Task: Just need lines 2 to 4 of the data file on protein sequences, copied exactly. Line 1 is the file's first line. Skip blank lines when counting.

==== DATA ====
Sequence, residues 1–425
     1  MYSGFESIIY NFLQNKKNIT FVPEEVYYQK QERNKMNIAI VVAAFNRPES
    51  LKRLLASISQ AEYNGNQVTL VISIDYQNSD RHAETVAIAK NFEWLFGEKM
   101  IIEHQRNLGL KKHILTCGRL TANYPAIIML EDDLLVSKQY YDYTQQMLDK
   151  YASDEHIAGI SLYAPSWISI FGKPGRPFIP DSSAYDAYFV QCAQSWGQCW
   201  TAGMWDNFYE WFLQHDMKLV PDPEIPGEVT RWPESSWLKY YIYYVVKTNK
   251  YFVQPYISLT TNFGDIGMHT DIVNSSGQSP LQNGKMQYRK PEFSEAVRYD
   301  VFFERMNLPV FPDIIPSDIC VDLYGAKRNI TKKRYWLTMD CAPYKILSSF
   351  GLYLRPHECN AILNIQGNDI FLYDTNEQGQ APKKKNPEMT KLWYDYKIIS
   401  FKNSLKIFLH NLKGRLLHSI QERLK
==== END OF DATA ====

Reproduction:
     1  MYSGFESIIY NFLQNKKNIT FVPEEVYYQK QERNKMNIAI VVAAFNRPES
    51  LKRLLASISQ AEYNGNQVTL VISIDYQNSD RHAETVAIAK NFEWLFGEKM
   101  IIEHQRNLGL KKHILTCGRL TANYPAIIML EDDLLVSKQY YDYTQQMLDK